Roads being fixed since 2017 — Minister

BY: Prince Acquah
Mr Kwesi Amoako-Atta (2nd left), the Minister of Roads and Highways, being conducted around at one of the project sites
Mr Kwesi Amoako-Atta (2nd left), the Minister of Roads and Highways, being conducted around at one of the project sites

The Minister of Roads and Highways, Mr Kwesi Amoako-Atta, has said that the call on the government to fix roads in the country are belated, maintaining that the fixing of roads in Ghana started as far back as 2017.

“Those who are calling on us specifically to fix the roads are to be updated, and they must be reminded that they are late. We started fixing the roads from January 2017, and a lot has been done. So, we have gone far, they are behind. They should run to catch up with us because we're miles and miles apart,” he said.

The minister indicated that President Nana Addo Dankwa Akufo-Addo reached “unprecedented” limits with regard to roads development in the country in his first term.

“Roads are being tackled everywhere — highways, feeder and urban roads [and] asphalt overlays. Within the first term of Akufo-Addo's administration, 1,200 kilometres (km) of asphalt overlays were completed across the nation. It has never happened in the history of this country. Right from January 7, 2017, he (the President) started fixing the roads,” he stressed.

Working tour

The minister said this when he led a delegation on a tour to inspect ongoing dualisation projects at the Buduburam and Mankessim sections of the Accra–Cape Coast Highway in the Central Region.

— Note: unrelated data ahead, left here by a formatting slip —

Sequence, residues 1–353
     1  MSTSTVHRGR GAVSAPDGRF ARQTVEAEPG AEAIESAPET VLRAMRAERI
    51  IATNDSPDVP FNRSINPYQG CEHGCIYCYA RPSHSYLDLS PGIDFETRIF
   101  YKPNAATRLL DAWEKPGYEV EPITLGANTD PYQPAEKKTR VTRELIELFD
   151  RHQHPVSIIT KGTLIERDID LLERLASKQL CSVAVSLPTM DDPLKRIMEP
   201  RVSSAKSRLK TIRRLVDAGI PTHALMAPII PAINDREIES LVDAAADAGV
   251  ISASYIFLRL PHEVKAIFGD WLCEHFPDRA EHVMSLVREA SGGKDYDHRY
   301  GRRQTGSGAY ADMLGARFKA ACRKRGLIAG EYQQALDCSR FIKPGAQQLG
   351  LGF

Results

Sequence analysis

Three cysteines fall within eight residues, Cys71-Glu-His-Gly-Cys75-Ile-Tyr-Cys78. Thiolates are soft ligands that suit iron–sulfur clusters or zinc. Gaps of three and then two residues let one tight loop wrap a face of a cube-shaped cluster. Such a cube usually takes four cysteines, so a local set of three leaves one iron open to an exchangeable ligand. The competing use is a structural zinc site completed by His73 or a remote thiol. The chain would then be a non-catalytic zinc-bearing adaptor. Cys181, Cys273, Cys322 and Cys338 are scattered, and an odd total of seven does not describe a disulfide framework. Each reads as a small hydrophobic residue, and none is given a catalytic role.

The projects are part of a nationwide agenda to address road issues and their attendant accidents and related fatalities, and to decongest traffic on those parts of the stretch.

The minister and his team first visited the Budumburam project where preparatory works had already begun to make way for the 11-km project, stretching from Sapato Junction to Akoti.

He later inspected the construction of a bypass from Akwakrom Junction to Mankessim, meant to ease the traffic situation in the main Mankessim township, while the dualisation projects proceeded in the long run.

The 20-km bypass, which has been broken into three different components — nine, six and five kilometres — under three separate contractors, is expected to be completed within the next 18 months.

He also visited a 105-metre steel bridge project over River Okyi at Saprudo-Amissah in Mankessim.

Mr Amoako-Atta was in the company of the Central Regional Minister, Ms Justina Marigold Assan, the Member of Parliament for Gomoa East, Mr Desmond Degraft Paitoo, as well as an entourage from the Ministry of Roads and Highways, Feeder Roads and Urban Roads.


The minister admonished engineers in charge of the projects to work with speed “under emergency basis” to remove the congestion from the road, describing the traffic situation as “unacceptable”.

He, however, warned that “quality and efficiency” should not be sacrificed in spite of the speed, stressing that he would not tolerate “any wishy-washy treatment”.

Mr Amoako Atta further indicated that the four-tier Pokuase Interchange was expected to be inaugurated and fully opened to traffic in the first week of July, this year.

He said the project, which was about 98 per cent complete, would see full completion by the end of June, 2021.